We see male models strutting the runaways in blue feather boas and fishnets, how much could the fashion industry (through its medium) break the gender stereotypes?
Fashion houses like Jeremy Scott, Calvin Klein, and Raf Simons are known for their clothing lines which blur the distinct gender stereotypes in fashion. In other words, the birth of unisex fashion apparel became a huge convention due to the androgynous, minimalist, and unrestrained aesthetic of such fashion houses.
The collection called “Le Smoking” by Yves Saint Laurent in 1966 marked a huge milestone in the history of the fashion industry by being instrumental in breaking gender stereotypes. During the same period, jean pants which were termed to be unisex acted as a catalyst in freeing the physical body and the realm of fashion from social roles and boundaries.
Raf Simons had his well-deserved fame as a men’s clothing line designer, but when he ventured out and designed for Calvin Klein the clothing line for male and female models was nearly identical.
The limelight was on gen-plaid suites, black leather jackets with silver rose cutouts, marching band pants, and old school varsity stripe motifs. Men and women were both dressed in sheer tops which were the epitome of transparency. Jean-Paul Gaultier put a male model in a skirt way back in 1984, and last year we had Jaden Smith, model and the son of Will smith wearing clothes designed for women in A Louis Vuitton commercial.
Irrespective of the society we belong to, culture has time and again imposed some unwritten rules on adorning codes on us based on our genders. Essentially it is divided into two categories, namely masculine and feminine. Which is not at all bothered about personality characteristics on the individual level but is mainly based on one’s gender.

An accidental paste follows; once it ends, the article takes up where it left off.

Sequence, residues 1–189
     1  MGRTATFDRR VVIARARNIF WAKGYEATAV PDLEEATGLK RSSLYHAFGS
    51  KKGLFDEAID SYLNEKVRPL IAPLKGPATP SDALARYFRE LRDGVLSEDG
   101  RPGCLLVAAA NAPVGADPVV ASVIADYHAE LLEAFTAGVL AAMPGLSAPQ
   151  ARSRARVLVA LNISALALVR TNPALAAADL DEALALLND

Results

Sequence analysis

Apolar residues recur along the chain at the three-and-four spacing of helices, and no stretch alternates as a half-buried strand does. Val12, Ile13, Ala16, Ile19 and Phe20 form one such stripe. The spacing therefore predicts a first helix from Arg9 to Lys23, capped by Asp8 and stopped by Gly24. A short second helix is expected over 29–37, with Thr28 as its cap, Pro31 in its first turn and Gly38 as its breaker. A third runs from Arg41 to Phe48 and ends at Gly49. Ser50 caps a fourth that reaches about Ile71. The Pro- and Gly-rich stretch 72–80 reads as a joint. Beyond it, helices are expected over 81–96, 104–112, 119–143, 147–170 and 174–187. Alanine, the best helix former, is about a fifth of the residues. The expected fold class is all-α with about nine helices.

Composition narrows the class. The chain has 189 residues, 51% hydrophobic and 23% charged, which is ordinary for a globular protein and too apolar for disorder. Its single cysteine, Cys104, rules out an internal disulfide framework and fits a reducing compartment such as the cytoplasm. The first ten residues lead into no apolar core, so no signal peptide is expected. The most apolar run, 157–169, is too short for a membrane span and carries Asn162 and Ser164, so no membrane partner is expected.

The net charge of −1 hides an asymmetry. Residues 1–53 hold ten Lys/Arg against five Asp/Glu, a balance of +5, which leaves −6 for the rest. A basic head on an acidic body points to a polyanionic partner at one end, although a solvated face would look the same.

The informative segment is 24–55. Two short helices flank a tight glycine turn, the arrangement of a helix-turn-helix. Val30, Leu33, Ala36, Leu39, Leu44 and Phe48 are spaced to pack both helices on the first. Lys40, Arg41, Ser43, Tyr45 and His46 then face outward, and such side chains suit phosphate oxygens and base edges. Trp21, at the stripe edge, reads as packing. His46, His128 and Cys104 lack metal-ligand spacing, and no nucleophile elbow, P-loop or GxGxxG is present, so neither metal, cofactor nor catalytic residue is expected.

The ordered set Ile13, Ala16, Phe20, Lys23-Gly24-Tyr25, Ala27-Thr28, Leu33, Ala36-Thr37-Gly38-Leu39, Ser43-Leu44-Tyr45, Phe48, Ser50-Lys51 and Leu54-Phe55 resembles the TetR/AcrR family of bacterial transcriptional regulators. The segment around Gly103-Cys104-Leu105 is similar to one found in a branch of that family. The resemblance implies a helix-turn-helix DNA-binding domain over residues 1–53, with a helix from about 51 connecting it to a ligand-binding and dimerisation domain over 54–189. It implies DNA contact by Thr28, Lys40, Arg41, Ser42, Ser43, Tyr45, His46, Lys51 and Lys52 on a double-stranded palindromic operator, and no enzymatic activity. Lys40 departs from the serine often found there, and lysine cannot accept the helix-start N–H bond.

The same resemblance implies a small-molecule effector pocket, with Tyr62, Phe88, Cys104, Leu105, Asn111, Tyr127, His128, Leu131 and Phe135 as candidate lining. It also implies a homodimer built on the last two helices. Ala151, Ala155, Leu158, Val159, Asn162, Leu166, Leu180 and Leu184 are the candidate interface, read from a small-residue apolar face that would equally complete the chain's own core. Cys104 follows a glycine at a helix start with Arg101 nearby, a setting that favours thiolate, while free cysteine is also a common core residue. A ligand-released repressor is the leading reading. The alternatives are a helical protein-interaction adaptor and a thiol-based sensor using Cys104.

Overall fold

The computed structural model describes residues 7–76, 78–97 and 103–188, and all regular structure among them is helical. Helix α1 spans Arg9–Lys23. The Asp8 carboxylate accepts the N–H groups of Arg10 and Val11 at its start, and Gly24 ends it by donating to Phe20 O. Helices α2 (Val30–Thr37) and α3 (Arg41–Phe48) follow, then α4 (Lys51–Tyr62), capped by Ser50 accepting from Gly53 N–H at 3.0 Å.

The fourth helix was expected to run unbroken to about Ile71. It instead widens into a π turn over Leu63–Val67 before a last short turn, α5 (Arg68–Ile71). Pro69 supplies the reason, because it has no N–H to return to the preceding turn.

After Vogue featured Harry Styles on its cover in a frilly grey undertone dress from Gucci’s AW20 collection, he took the internet by storm, from Twitter to Instagram hashtags about gender-fluid fashion became trending worldwide and the Falling singer became the flag bearer for gender-fluid fashion for Gen-Z. But long before Harry Styles, many renowned celebs and artists have time and again caused havoc, by breaking gender stereotypes through their fashion statements and choices.
Ex-presidents of the U.S have said in earlier interviews how he likes his female staff to “dress like women”. So even though a well-known magazine who is unlikely to go for radical queer politics becomes the first to feature a solo man in a dress for its cover, and we see male models strutting the runaways in blue feather boas and fishnets, how much could the fashion industry through its medium break the gender stereotypes? Let us dive in and find out!
History Of Men in Gowns
The first name that occurs to us when we recall male celebs who have significantly questioned society’s gender norms on fashion from day one is David Bowie. David Bowie was known for performing under different androgynous avatars of different characters. In 1973, in London, he performed as Ziggy Stardust in a short white silk dress with an Asian-looking print and a silk ribbon cinching his waist.